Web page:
“If your mind was so made up from the beginning, why even come? And why not at least hear me out?”

“I guess I came because I had nothing better to do. I just wrapped up something in Colorado, a state I hear you know well, and was heading back this direction, anyway. As far as hearing you out, let’s just say that I’ve barely been in front of you for five minutes and my skin’s already crawling. So why don’t we chalk all this up to a mistake and go our separate ways?”

Standing up, Helen turned to Conroy, who’d been silent through the entire conversation. “I assume you’ll send me a check for the five thousand. Your office has my address in

“Detective Lipscomb,” Benson interjected, his voice taking on a sharper tone. Helen paused at the door and turned back to him.

“What?” She wanted to be done with the man and didn’t even bother correcting him.

“I think you’re working under something of a misconception,” Benson said. “You’re correct. The authorities suspect me of more slayings than they’ve convicted me of, though even they can’t guess the actual number. But I don’t want you to work to prove my innocence. My guilt has been pretty much firmly established, at least in the three cases that have brought me to death row. Considering all the death sentences I currently face, wouldn’t you agree that would be pretty much a waste of your time and my money to attempt to prove otherwise?”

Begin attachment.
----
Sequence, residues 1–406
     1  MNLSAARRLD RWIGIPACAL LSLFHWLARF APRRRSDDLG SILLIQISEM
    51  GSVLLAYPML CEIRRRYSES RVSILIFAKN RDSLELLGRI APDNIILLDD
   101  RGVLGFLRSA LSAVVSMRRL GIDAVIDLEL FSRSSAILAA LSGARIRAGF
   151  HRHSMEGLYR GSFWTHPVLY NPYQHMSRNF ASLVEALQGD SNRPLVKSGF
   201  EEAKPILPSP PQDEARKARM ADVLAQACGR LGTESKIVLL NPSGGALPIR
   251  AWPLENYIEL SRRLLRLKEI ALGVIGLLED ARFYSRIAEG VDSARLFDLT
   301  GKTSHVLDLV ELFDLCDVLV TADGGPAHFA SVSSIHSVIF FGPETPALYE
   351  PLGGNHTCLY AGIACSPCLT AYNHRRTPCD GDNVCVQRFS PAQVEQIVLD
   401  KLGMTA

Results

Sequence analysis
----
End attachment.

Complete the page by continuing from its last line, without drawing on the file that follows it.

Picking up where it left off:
Helen frowned and glanced at Conroy, whose face remained impassive, before turning back to Benson.

“Then what do you want out of me?” she asked.

Benson smiled, but the expression had no warmth.

“I want you to prove that I’m guilty,” he said in a flat, calm tone. “Guilty of those murders they haven’t yet pinned on me.”

“Excuse me?” Helen was sure she looked as baffled as she felt.

“I thought that was fairly clear,” Benson said. “Someone’s out there taking credit for my work, and I want you to put a stop to it. If I have anything to say about it, no one’s going to get the credit for my work but me.”